by Karlene Clark, Chester Fritz Library, University of North Dakota
EDI Committee Chair
Micro-aggressions have been compared to the phrase “death by a thousand cuts.” These are compliments that are, in most cases, unintentionally offensive. They lead to the recipient dealing with a form of “battle fatigue” (a trauma response) where going to work feels like preparing for battle and needing to be prepared to face these comments throughout the organization. The words or actions directed at the person are not policy violation, but they do erode the sense of self and value over time. This can interrupt or cancel a person’s desire and excitement about coming in to work.
Trauma responses do not affect a single group of people. When we don’t understand or perpetuate old biases or behaviors, we can inadvertently add to a person’s sense of being attacked. This can relate to groups such as BIPOC, LGBTQ+, being female (or male), being differently abled, having an invisible illness and more.
What can this look like? A few examples to consider:
- “I love your hair; can I touch it?” Often directed towards BIPOC. Consider if you would ask others you know this same question. Saying you like someone’s hairstyle is okay; asking to touch is not.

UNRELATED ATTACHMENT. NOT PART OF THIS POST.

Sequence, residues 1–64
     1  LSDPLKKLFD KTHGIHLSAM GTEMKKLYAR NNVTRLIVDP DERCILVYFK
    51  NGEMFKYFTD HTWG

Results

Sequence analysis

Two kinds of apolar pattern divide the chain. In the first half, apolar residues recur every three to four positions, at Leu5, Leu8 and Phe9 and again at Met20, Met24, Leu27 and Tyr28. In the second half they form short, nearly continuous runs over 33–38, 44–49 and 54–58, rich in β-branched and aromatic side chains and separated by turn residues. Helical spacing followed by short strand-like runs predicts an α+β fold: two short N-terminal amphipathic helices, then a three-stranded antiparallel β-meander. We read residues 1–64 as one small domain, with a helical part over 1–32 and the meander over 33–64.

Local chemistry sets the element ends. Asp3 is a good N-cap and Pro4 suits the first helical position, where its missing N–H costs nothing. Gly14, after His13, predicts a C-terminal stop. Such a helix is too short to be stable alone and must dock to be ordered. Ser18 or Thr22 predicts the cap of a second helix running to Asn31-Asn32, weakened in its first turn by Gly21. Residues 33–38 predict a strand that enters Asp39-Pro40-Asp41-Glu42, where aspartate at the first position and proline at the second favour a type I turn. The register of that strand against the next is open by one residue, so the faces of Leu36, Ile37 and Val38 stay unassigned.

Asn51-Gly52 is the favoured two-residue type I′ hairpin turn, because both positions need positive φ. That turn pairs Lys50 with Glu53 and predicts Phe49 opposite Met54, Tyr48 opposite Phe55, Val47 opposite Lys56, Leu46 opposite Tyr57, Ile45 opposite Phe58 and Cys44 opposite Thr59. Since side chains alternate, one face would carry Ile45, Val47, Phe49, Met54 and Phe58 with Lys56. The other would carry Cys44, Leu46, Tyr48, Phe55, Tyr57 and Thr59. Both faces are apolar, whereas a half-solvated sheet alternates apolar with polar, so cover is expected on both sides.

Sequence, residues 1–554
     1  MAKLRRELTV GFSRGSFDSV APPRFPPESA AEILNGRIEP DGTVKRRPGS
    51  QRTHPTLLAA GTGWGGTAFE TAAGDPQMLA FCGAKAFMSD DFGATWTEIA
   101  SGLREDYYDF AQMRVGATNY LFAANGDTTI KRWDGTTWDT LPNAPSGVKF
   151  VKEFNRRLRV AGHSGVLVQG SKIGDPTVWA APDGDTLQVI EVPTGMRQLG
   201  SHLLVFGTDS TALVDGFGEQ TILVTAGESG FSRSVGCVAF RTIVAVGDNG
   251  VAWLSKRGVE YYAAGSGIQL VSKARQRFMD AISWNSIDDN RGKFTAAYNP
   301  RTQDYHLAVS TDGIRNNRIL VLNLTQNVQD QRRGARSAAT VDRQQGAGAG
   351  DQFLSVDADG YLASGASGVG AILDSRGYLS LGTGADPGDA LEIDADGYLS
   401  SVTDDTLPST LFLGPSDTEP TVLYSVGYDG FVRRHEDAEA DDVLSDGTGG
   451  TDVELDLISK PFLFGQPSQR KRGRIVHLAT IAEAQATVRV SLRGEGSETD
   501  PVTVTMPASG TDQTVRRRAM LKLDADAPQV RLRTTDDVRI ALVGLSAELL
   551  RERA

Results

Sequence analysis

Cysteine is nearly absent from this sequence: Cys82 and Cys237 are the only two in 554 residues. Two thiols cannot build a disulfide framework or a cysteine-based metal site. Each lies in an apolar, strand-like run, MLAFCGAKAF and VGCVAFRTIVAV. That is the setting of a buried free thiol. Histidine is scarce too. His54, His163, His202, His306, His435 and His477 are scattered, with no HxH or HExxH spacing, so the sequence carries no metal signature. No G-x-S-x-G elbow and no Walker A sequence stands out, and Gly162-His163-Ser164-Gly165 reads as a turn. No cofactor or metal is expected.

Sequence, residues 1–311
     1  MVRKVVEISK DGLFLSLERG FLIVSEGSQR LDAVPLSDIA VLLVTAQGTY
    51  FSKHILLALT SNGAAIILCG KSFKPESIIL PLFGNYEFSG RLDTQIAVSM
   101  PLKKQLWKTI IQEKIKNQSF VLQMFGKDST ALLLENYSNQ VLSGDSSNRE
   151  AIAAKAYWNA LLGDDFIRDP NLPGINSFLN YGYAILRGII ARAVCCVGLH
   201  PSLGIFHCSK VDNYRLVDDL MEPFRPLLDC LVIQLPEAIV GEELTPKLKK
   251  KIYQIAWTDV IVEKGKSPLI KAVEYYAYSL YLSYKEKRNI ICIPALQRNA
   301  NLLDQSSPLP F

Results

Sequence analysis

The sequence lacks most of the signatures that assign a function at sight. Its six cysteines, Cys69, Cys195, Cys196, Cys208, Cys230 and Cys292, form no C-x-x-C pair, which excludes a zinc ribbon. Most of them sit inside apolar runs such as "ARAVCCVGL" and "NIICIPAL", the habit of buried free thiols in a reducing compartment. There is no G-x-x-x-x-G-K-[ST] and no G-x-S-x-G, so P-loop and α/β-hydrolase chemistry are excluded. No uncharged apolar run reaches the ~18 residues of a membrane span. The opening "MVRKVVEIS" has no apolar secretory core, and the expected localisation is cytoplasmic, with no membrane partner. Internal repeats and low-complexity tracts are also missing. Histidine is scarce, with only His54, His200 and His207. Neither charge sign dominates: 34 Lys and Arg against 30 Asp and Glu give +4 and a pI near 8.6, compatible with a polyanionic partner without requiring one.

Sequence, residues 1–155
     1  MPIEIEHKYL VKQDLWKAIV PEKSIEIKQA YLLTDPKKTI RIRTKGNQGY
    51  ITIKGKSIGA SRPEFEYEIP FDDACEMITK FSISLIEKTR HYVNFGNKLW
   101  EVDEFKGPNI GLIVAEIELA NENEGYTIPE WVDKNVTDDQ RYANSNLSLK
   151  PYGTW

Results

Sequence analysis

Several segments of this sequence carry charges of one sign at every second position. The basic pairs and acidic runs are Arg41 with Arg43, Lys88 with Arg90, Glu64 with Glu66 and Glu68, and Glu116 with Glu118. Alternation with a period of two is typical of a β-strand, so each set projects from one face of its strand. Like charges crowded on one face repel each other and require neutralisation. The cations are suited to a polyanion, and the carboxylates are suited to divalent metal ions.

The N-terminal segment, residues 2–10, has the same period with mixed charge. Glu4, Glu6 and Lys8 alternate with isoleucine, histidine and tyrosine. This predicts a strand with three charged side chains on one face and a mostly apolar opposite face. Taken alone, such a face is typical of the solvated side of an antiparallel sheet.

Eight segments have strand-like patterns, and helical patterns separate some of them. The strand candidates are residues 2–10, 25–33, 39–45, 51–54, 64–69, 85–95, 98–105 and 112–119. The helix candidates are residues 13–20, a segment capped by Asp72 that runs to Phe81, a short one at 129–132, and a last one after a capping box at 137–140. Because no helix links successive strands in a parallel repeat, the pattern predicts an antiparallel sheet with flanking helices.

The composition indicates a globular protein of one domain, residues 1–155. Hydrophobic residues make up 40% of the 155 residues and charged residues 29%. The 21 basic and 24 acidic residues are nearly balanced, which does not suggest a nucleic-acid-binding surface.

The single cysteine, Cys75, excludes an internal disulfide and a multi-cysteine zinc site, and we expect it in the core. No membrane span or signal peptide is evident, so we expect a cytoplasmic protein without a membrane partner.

- “You’re so articulate” / “Your English is so good.” Again, this is often said to members of the BIPOC communities. Consider what bias your thinking is coming from in assuming they would not be able to speak well.
- “You guys.” Members of the LGBTQ+ community – and many others these days - are conscientious about pronouns and the usage of them. Grouping everyone together as a “guy” can be seen as insulting, derogatory, or degrading. Consider instead using something like “You all” or “Everyone.”
- “You’re such an inspiration” to someone who is disabled – visible or invisible. They are just going through life, doing the best they can in most cases with no intention of being a beacon to look to. Unless they are a motivational speaker, doing a presentation on the topic, consider instead SAYING NOTHING.
- “That’s crazy” or “I’m being so OCD” when you are not diagnosed as such. Neurodivergent people are very aware of their differences and hearing things such as this strikes deeply. Instead, consider the following options:
- “It’s crazy in here” can change to “It’s really busy today.”
- “That’s a crazy idea” can change to “I haven’t heard an idea like that before.”
- “My boss is crazy” can change to “I don’t understand what they were thinking.”
- “I’m being so OCD” can change to “I just feel like I need more order in my life right now.”
How do we show up? How do we stop hurting our co-workers? Those that deal with micro-aggressions are exhausted and often will not say anything. Start with yourself. Evaluate your own views and biases. Apologize when you catch yourself. If you see something, consider how to help and what to say.
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